Each year, hundreds of thousands of America's finest visit firing ranges to engage a multitude of targets with a variety of weaponry. They fire from stationary, prone, and kneeling positions; while on the run, taking advantage of whatever cover and concealment they might find on a given course.
Throughout, there is many a purpose at work. The development of muscle memory, the conditioning of split-second decision making, the learning of different tactics—all aimed at risk reduction: To lessen the likelihood that they or an innocent might be shot in the future.
That desire to mitigate risk finds officers occasionally taking aim at a "friendly" target that has pneumatically popped into view. Most of the time, the trigger finger is held in abeyance. But when that finger exerts enough pressure on the trigger and the "friendly" is hit, the shooter's score is docked.
When the "friendly" is flesh and blood, the shooter and the "friendly's" family experience grief that cannot be described in just a few words.
On Jan. 9, 2011, plainclothes officer William Torbit Jr. responded to a fight call at a Baltimore nightclub. He was attempting to break up the fight when he was attacked by several men. He retrieved his service weapon just as additional Baltimore officers arrived on scene. The arriving uniformed personnel, not realizing that Torbit was a fellow officer, reacted to the perceived threat posed by the firearm and opened fire. Torbit, an eight-year veteran, was killed at the scene.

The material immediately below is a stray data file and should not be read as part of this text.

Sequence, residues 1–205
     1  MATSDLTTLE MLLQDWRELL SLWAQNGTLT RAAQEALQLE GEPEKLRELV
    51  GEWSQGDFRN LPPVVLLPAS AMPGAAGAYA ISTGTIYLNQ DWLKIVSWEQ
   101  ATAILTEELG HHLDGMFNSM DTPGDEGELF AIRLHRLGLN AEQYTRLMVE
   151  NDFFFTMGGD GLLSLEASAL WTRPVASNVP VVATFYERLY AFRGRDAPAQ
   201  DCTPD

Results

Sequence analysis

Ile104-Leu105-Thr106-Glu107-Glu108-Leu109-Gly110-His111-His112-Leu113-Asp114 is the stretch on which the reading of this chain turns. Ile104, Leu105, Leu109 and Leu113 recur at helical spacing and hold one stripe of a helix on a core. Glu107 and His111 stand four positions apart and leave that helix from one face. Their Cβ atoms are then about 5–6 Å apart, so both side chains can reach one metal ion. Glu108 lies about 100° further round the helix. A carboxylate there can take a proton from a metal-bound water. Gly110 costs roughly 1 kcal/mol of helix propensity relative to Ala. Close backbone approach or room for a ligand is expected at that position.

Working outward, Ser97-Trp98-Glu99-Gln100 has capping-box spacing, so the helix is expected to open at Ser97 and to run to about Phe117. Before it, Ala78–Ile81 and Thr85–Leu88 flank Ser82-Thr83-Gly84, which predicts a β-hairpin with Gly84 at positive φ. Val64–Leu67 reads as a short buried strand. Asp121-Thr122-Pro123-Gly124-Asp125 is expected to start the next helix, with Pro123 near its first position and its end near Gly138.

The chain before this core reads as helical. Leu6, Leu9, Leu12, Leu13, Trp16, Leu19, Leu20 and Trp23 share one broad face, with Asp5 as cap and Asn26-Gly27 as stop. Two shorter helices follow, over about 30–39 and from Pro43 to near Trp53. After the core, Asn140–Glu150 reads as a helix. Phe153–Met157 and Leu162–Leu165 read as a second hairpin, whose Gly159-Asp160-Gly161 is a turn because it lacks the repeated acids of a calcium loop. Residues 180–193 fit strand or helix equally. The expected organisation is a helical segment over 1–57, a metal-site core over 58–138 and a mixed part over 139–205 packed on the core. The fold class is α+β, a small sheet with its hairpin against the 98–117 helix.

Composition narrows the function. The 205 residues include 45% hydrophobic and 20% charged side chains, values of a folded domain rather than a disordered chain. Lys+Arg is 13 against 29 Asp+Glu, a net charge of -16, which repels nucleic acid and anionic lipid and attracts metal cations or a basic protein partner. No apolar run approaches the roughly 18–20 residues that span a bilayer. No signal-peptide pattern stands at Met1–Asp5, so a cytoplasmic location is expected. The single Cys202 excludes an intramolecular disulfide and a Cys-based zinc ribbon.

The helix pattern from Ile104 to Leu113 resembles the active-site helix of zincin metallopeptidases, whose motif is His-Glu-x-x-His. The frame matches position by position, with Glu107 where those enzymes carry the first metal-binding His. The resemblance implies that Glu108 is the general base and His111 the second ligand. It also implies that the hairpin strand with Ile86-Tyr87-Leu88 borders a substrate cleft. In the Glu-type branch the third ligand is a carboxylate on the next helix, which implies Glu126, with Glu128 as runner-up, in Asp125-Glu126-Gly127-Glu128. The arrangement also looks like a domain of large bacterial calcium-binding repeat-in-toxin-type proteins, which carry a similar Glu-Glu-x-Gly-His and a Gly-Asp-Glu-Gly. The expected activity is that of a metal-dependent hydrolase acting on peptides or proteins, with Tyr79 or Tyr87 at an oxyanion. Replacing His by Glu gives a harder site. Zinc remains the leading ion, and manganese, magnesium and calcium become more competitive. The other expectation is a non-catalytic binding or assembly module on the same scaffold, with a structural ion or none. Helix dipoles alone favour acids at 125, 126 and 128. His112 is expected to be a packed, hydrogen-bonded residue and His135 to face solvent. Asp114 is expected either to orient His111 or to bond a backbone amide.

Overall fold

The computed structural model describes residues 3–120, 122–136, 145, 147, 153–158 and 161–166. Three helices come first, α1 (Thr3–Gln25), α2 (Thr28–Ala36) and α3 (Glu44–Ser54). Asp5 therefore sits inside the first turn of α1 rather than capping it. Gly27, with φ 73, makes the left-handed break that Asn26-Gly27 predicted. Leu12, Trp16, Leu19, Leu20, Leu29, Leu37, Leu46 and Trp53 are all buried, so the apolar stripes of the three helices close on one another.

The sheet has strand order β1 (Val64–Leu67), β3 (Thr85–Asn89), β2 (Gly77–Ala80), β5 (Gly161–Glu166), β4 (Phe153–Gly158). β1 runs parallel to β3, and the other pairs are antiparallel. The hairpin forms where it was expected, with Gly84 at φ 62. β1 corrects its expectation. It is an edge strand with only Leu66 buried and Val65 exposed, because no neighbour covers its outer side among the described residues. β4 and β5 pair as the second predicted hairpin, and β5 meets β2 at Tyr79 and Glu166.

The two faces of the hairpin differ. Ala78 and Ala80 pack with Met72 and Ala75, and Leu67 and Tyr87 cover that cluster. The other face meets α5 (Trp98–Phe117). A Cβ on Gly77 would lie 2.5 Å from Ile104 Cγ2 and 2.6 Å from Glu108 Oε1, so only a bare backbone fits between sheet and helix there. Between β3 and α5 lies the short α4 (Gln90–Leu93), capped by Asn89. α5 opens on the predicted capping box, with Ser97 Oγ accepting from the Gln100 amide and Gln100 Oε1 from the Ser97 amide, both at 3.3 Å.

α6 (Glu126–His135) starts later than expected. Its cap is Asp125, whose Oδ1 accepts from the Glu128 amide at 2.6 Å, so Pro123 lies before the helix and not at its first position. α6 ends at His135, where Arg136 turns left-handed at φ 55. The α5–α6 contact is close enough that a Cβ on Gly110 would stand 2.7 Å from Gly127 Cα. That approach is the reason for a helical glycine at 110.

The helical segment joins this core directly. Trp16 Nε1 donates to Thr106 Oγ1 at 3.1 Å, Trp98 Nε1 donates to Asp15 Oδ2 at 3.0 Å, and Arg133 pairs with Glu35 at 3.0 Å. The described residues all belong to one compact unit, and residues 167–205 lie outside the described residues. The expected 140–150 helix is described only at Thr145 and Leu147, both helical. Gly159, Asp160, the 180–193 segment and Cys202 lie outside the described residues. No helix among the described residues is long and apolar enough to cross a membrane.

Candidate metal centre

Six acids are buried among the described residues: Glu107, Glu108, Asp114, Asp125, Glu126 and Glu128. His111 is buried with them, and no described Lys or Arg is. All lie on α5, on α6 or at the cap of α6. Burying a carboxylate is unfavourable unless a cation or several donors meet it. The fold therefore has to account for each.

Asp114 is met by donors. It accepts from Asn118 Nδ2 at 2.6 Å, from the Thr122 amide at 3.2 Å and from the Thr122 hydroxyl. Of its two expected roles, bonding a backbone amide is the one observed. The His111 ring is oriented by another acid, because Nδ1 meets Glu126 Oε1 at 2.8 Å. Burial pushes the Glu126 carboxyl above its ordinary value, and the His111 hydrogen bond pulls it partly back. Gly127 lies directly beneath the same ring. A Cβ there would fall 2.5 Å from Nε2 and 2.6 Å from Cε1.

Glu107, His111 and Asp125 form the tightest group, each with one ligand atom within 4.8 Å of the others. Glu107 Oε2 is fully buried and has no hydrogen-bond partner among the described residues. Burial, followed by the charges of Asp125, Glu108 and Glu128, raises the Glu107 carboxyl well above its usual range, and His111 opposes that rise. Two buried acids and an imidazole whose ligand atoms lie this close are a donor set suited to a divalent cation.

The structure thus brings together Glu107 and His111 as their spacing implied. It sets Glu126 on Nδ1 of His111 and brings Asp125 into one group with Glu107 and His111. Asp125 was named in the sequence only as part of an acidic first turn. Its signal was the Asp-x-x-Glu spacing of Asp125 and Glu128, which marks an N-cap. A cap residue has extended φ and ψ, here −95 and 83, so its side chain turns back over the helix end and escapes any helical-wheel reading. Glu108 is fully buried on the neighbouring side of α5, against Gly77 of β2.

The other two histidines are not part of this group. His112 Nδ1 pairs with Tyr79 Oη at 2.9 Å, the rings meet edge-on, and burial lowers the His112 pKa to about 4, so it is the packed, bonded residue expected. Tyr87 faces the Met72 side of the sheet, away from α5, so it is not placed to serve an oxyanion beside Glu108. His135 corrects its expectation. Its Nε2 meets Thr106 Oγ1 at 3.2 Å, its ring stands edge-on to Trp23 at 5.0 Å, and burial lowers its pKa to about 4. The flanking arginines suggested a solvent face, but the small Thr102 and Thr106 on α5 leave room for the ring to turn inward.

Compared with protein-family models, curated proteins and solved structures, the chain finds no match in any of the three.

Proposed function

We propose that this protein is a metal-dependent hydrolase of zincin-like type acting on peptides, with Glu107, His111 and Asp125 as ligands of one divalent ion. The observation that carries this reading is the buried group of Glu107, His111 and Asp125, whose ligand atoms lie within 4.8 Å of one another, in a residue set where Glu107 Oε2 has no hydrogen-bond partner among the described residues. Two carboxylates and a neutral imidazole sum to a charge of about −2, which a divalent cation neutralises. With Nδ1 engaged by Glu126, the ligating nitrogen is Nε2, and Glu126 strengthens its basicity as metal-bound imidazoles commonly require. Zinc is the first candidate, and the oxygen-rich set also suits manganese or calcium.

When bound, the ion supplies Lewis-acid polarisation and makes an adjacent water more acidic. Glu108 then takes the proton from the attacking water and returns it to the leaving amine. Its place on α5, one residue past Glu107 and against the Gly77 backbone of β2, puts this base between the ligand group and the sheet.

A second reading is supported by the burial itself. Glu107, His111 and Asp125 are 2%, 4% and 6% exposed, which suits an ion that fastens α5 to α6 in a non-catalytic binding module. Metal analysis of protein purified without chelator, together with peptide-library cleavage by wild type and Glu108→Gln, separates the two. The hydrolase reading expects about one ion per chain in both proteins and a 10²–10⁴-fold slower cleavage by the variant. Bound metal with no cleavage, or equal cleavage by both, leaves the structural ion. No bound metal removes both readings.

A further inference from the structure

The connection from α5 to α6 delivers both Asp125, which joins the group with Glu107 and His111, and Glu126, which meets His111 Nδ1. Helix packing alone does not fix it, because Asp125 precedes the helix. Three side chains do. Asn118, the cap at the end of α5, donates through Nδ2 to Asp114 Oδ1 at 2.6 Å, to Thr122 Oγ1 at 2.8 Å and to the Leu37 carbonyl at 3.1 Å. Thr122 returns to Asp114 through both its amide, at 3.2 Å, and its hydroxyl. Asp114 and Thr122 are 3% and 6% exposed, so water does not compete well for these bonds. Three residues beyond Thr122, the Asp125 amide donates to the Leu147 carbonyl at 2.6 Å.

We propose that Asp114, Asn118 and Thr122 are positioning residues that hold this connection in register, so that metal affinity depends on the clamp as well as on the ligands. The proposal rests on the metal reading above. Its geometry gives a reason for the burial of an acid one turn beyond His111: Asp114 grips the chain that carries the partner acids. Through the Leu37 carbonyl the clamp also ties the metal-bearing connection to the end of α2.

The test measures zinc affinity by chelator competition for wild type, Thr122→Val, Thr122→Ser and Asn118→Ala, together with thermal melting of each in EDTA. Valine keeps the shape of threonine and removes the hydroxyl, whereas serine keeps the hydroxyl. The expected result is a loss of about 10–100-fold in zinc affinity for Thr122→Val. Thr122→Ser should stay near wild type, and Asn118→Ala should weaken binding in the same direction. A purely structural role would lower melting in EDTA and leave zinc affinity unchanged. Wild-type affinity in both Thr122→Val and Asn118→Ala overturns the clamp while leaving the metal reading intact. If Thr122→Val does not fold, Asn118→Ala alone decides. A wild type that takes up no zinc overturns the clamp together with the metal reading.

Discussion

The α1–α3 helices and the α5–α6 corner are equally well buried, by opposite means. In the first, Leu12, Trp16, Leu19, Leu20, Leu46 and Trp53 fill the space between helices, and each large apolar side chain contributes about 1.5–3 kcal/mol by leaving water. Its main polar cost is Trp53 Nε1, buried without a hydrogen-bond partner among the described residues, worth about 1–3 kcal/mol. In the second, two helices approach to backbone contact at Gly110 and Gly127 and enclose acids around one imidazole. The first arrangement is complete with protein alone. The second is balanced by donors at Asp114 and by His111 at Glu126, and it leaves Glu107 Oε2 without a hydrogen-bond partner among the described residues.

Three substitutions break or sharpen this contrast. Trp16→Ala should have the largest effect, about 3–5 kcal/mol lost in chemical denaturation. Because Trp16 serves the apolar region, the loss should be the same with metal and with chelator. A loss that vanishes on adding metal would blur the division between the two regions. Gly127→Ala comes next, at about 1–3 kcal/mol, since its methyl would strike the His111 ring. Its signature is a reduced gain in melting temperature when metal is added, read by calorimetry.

Like Torbit, Nassau County police officer Geoffrey Breitkopf was wearing plain clothes when he responded to the scene of a knife-wielding suspect last March. The suspect had just been shot and killed inside a home when Breitkopf exited his vehicle and approached the scene on foot. A retired officer, noting that Breitkopf was carrying a rifle, yelled, "Gun!" at which time a Metropolitan Transportation Authority police officer opened fire. Breitkopf, a 12-year veteran, was mortally wounded.
Last New Year's Eve, Nassau County would again be impacted by such a tragedy. This time the sight of two men struggling in the aftermath of a pharmacy robbery and the sound of gunshots brought a retired Nassau County police lieutenant and an off-duty New York City police officer to a confrontation between the suspect and ATF Special Agent John Capano. During their struggle, Capano—who was in the pharmacy to pick up medication for his terminally ill father—fired at the suspect. In the aftermath of the incident, both were dead. Capano was shot by the retired lieutenant.
Recognizing the potential for a blue-on-blue incident—and doing something about it—can go a long way toward preventing such tragedies. That initiative can take many forms, from anticipatory training to recognizing the implications of an errant operation.
Ted L. Bader, a former agent-in-charge of a federal agency in southern Idaho, once served on the board of directors of a local drug task force. He recalls a near disastrous episode.
"One of my agents was working with the FBI on a sting operation involving the undersheriff of a small county," Bader says. "The undersheriff was believed to be involved in an alien smuggling ring and unlawfully issuing driver licenses. Undercover federal agents were to purchase 15 pounds of marijuana from the ring. Two days before, I found that drug task force members working with this sheriff's office were scheduled to sell 15 pounds of marijuana to a dope ring that they'd been working. Both teams were prepared to make arrests at that time. It immediately became clear to me that we had an emergent situation that could have disastrous results, both from a physical hazard and a public relations standpoint if immediate action was not taken."